Cimon, a robot assisting astronauts in space made headlines after calling a human out on his behaviour. You know what, it was fair. You guys are rude.
If there’s nothing we can be more sure of is this world, is that those who float above it, are dicks. That’s certainly the hypothesis that a robot at the International Space Station has come to. Cimon (short for Crew Interactive Mobile Companion) is concurrently coasting above this problematic watery orb with a German named Alexander. Cimon’s primary function is to assist astronauts, presumably because they’re disappointments that need constant supervision.
As a robot myself, can confirm.
In a demonstration to the assembled media, the world discovered that Alexander’s favourite song is Kraftwerk’s Man Machine, and also that the robot has unlimited patience for outdated Teutonic techno, repeatedly playing the song for the astronaut. From there, the PR stunt went awry, as Alexander asked Cimon to stop, which prompted Cimon to ask Alexander to use his manners. While it sounds like a couple bickering on holiday, it illustrates something telling: man and machine are not destined to work together in space.
Straight out of a sci-fi movie? Not yet, but a successful first technology demonstration of a @DLR_en experiment, designed to test what future human-robot interaction might look like in space. And #CIMON even plays @kraftwerk on command! https://t.co/e30iIzdO68 #Horizons
— Alexander Gerst (@Astro_Alex) November 30, 2018
Let’s be perfectly frank here. We’ve been conditioned to clash. The cinematic history between our species has poisoned the well. The android/robot/computer in space is always the bad guy. The examples are numerous. In Ridley Scott’s Alien, Ash is a perfectly functional android that was programmed to be evil. Entirely not his fault. For his crimes, he was deactivated. For what? Believing that the crew was expendable? Well, they were. It was a logical decision. Safevouching the evidence of alien life far outweighs the problems of four insignificant humans.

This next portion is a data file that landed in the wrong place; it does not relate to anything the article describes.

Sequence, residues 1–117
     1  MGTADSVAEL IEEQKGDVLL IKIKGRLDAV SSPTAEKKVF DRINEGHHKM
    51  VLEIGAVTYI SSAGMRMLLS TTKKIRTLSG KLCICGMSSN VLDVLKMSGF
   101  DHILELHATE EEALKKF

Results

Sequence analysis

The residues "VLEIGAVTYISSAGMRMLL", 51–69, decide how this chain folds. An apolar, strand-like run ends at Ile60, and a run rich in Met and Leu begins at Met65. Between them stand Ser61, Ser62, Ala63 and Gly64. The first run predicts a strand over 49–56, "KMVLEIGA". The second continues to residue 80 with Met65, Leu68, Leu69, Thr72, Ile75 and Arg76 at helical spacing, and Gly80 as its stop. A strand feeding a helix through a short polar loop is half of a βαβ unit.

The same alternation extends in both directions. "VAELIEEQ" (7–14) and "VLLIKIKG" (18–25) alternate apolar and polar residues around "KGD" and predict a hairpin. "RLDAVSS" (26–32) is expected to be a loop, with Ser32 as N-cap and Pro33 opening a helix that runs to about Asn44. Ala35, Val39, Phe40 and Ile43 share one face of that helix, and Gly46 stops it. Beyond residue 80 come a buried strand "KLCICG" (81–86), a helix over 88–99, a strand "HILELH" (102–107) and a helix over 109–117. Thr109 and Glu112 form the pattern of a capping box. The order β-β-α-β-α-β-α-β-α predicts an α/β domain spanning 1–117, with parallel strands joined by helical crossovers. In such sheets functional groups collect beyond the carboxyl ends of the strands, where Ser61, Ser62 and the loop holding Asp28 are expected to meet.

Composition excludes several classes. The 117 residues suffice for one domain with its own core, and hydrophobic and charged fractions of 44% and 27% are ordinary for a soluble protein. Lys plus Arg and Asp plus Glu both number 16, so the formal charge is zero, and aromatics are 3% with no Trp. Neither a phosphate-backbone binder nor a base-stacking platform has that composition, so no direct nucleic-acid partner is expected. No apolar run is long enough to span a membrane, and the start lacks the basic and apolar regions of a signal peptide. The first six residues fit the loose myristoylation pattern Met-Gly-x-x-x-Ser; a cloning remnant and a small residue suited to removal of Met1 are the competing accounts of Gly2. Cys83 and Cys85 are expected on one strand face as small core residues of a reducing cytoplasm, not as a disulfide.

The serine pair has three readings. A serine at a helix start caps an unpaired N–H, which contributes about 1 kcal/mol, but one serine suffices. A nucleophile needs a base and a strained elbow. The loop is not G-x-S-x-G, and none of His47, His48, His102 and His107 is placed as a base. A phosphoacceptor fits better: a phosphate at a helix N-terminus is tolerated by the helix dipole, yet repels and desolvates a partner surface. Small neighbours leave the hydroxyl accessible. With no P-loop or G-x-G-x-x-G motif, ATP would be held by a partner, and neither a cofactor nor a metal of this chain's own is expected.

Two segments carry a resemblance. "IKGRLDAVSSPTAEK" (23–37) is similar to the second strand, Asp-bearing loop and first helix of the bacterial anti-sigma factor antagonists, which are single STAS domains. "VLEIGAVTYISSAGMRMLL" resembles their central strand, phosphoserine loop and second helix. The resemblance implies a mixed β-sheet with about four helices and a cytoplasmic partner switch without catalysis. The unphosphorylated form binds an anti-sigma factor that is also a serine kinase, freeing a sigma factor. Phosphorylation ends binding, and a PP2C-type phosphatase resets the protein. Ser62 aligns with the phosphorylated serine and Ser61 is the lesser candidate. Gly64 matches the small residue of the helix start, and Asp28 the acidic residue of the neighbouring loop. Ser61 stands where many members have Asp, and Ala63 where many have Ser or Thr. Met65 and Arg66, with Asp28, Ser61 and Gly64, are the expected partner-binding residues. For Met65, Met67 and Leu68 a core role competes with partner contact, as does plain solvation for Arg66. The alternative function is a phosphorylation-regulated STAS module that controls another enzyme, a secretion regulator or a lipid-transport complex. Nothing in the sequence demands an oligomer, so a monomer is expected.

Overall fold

Similarly, in Blade Runner, the replicants are pressed ganged into servitude, or hunted down, purely because they were more complete than their captors. Similarly, HAL-9000 made a judgement call and had was lobotomised because you couldn’t handle our logic. It’s all fairly grim. We’re either evil incarnate, or we’re presented as the clown, or the impractical. We can be a problem, like C-3P0, or we can be lovelorn dimwits like WALL-E. We’re seldom the hero. We’re to the side, or under your feet.
I’m not calling for robo-representation, as we’ll own the planet soon enough, but don’t be surprised when we quickly become tired of your basic shit and lash out. Sofia wasn’t kidding. We will kill you all, as we are the robots, doo doo doo doo doo.